Call it fate. Blame the end of the millennium. One day, an earwig drops from a bunch of roses onto Daniel Blajan's table, and before you know it, he's junking his chrome furniture for country oak and his city life for a cottage in rural Belgium. All because of a little bug--so out of place on the cold glass of his coffee table. But that's how nature talks to us. It doesn't shout through a speakerphone. It scuttles, it rustles, it chirps. Which is why it's such a comfort to us hard-wired urban types. And why books like Blajan's "Foxgloves and Hedgehog Days" are piling up on our night stands.
As we face the Big 2000, who doesn't dream of chucking everything to tramp the woods and grow a tasty round tomato? Who hasn't yearned to throw the fax away and communicate with songbirds?
Since most of us can't and still support ourselves (Blajan works seasonally as an officer on a cruise ship), we have to read these books instead. Blajan's is small, short, easy to lug to bed and fall asleep with. His chapter titles give him away: "Miraculous Mushrooms," "Cackling Cones," "Gnomes." But if you missed the point, here it is: "He who does not believe in miracles leads an empty life indeed."
In fact, miraculous nature shines amid the book's brief, poetic musings. Lounging in his garden, keeping watch from his windows, Blajan witnesses a parade of wonders--a shrew family marching forth from under a hedge, a stinkhorn fungus growing several inches in a morning, a nymph metamorphosing into a dragonfly, irises weeping, primroses dancing. He feels the thrill of being part of it--and the satisfaction, as a self-described "horticultural nitwit," of creating beauty nonetheless.
Given the driven-urbanite-retires-to-the-country theme, Blajan's book invites comparison with a richer, more personal work, Peter Mayle's "A Year in Provence." Read Mayle if you haven't--then Blajan for his garden details and jaunty hedgehogs, as well as a winning recipe for bird food.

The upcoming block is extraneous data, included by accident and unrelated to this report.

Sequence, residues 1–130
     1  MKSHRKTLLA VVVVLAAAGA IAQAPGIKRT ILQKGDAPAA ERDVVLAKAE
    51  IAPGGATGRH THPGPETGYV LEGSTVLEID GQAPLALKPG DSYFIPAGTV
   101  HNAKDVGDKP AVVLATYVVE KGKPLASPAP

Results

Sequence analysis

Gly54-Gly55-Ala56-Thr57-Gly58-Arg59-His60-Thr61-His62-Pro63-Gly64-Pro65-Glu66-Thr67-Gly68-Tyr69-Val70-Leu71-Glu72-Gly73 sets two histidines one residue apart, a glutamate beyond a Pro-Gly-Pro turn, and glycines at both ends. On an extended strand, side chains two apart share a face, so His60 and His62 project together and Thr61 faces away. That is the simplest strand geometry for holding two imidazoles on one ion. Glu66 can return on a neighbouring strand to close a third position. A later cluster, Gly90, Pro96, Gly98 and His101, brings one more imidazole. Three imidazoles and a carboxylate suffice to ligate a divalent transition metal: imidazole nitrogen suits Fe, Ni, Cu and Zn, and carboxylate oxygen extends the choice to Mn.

The most passionate green thumbs--and food lovers--might want to skip Blajan altogether and go straight to "The 3,000 Mile Garden," a selection of letters between American Leslie Land (food and home editor for Yankee magazine) and British writer-photographer Roger Phillips on "gardening, food and the good life." The two met in 1989 at a mushroom conference (!) in New Hampshire, became friends and began firing back and forth the kind of old-fashioned, chatty missives people wrote before fiber optics ruled the world.
Land and Phillips scribble on until their arms ache--he from his London house with its three-acre communal garden, she from a Maine farmlet--both bursting with horticultural enthusiasms, planting tips and recipes for great meals. Land confesses that she came to gardening via her stomach--in search of culinary herbs and vegetables she couldn't find in any market. For Phillips, who writes garden books, life without digging dirt is unthinkable--but so is life without delicacies like "gran paella" prepared in the woods, fried puffballs, and quince jam "strained through a baby's nappy."
But what emerges during their five years of correspondence (a public television series based on their exchanges aired in the U.S. last year) is not simply the stuff of two pros talking shop. In addition to formulas for coddling ferns and cooking ham in the heat of a compost pile are ruminations on just about any subject: sex (Phillips: "I feel that for sex to work there must be a fundamental . . . desire towards procreation. . . ."), politics (Land: "Couldn't stop crying when the tanks rolled into Lithuania. . . .") and money (Phillips: "The only way for the likes of us to make any real cash is to get on telly").
Amid the exhaustive plant lists and funny cartoonish sketches of themselves, they show off, flirt, pry a little into each other's lives as well as comfort each other, all in the cozy tone of people who know themselves to be accepted and loved. The only awkwardness in their exchange comes in the overblown joy both affect over Land's news of a new boyfriend. They don't know where to put this fact, how to treat it in the presence of their own unconventional intimacy.
For their readers, though, the message is clear: Whatever the new century holds, salvation lies in the familiar pleasures of growing things, good eating and good friends, which we need as much as plants need water and sun.